Driving Analytics in State Government

Can we afford to wait and see?

Analytics in state government is no longer optional. Legislators will not allocate funds without a strong business case. Everyone from taxpayers, voters, and academic researchers to auditors and federal overseers are looking for the data to reach their own conclusions about public processes. They want the latest information, and they want it now. One IT director quips, “Everyone wants the numbers. Even me.”

What’s an agency to do? Building a sustainable culture and practice of fact-based management—and the data infrastructure this depends on—isn’t easy for any organization.

In state government, the hills are higher than ever. (See the Sidebar: Getting Stuck: Nine Crushing Dilemmas in Leading Analytics in State Government.)

We spoke to seven state agency IT executives to understand how they are responding. Let’s use the simple schematic below to describe the components of the analytics “journey.” To be successful in establishing and using analytics, a state agency will want to put a vision and strategy in place; develop accessible data in which it has confidence; analyze, visualize, and share the insights; and use the results to take action.


analytics stairs

Driving forward

Most agencies have made headway in pockets. The state government reality of feast-and-famile funding as well as come-and-go senior leadership opens windows of opportunity, then slams them shut. The result is an uneven landscape of analytics maturity in state government. Some agencies have developed good, clean data but little real analytics. Others have the ability to answer questions, but lack a way to publish the results. Still others have a collection of potentially interesting dashboards, but no consensus on how to use them. The graph below compares seven different state agencies in terms of their analytics maturity.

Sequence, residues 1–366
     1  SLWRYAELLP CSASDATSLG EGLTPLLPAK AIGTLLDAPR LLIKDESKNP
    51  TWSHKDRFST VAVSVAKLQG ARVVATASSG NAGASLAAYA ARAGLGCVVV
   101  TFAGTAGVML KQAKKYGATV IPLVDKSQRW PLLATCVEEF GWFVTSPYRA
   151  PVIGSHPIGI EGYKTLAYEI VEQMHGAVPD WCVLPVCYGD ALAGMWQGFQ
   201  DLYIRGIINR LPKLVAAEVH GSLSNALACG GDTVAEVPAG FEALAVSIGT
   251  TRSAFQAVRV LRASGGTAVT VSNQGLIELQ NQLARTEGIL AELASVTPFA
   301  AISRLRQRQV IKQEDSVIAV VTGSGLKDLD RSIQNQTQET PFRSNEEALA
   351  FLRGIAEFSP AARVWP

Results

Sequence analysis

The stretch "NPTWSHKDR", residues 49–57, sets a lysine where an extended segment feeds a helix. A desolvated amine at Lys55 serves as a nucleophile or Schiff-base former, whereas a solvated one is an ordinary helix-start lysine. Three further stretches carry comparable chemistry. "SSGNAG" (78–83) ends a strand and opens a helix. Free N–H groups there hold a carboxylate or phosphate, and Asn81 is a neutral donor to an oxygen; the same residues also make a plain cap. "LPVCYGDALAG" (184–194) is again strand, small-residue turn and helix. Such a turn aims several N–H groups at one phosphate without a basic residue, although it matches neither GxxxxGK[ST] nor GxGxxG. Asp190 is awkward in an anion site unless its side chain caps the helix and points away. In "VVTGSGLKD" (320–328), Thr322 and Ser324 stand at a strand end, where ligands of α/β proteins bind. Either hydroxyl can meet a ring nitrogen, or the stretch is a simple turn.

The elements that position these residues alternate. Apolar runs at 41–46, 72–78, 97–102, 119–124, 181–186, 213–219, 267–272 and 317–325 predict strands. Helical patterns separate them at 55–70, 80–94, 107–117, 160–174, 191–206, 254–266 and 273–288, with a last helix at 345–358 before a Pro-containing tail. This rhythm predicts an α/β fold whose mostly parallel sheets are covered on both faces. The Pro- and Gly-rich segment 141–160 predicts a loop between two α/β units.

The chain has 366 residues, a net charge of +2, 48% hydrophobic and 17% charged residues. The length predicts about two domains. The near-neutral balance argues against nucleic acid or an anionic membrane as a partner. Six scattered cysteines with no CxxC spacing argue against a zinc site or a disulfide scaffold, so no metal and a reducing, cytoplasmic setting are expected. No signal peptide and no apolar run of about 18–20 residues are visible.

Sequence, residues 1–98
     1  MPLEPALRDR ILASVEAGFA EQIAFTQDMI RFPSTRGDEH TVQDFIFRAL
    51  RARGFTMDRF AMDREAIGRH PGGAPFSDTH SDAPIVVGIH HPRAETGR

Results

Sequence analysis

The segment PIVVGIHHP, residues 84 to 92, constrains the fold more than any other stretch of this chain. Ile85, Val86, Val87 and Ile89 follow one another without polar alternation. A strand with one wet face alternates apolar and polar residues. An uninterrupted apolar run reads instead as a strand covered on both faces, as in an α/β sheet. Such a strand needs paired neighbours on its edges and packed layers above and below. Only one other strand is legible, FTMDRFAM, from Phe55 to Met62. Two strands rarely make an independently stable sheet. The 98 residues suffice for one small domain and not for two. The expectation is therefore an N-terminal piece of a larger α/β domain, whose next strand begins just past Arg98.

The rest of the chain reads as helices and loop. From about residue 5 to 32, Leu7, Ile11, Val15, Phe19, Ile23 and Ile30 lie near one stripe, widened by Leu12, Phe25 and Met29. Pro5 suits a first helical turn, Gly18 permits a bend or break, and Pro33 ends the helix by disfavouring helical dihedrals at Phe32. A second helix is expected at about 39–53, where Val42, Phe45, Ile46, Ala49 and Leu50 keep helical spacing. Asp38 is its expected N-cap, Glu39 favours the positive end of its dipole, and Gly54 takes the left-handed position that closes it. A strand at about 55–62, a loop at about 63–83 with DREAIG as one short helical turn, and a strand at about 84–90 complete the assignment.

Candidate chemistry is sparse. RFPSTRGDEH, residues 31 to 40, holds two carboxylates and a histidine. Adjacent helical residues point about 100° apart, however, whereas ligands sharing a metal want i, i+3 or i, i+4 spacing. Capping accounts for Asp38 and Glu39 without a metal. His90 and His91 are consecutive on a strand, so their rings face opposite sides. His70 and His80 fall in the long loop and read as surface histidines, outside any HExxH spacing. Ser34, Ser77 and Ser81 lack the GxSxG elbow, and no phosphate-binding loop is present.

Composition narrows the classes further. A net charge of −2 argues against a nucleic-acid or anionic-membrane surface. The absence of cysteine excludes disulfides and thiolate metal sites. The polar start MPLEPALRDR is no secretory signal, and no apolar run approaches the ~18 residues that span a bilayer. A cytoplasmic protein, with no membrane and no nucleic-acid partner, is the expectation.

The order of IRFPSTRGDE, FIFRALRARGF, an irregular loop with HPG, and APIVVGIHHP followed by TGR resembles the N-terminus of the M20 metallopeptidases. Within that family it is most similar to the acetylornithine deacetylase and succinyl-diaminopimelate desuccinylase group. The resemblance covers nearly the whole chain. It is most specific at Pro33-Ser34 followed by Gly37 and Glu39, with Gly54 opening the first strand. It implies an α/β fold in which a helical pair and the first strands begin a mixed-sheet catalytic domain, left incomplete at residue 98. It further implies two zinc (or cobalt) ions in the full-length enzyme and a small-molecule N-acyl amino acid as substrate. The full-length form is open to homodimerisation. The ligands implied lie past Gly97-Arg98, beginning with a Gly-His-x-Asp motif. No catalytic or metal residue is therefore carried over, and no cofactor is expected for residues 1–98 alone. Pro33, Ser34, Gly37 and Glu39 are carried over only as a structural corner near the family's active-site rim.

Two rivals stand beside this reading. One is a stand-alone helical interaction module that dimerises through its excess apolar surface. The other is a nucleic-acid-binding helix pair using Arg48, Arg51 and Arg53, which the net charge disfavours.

IT executives have relentlessly driven ahead when they have had funding, resources, and senior leadership engagement. In a few cases they have been able to establish multi-year initiatives that set strong data platforms in place. In these agencies, the results are tangible and striking. Neil Adcox, CIO of the South Carolina Department of Employment and Workforce, says, “Leadership needs to know this is not easy. It will require more time than they think and a moderate to large resource commitment—time, energy, people, and money. They will ask themselves half way through, ‘Why am I doing this?’ But they have to finish it; there’s no other way. It will be worth it.”

Even when progress has been limited to pockets, IT executives have made the best of their opportunities. They have some lessons to share:

Lead the horse to water. If he’s not thirsty, wait a few months and lead him again. One agency IT executive says, “Our leadership was told by the auditors that they need dashboards, but they could never spell out what they wanted. We went ahead and made some examples on our own to get things rolling.”

Develop a methodology that allows you to ask the right questions. The right questions have to reflect a nuanced mix of mission and practical reality, goals which often stand in direct contradiction. Public sector IT leaders stressed the sensitivity that’s required to incorporate numbers-centric performance measurement into mission-driven activities.

Focus on what matters most. Move the needle for everyday work as well as for management performance reporting. This IT executive teamed up with business analysts. Together they are defining the “next right activity”  for each field worker to tackle based on predicted risk factors and potential consequences.  As they get funding to replace core systems, they are building both types of analytics into the requirements.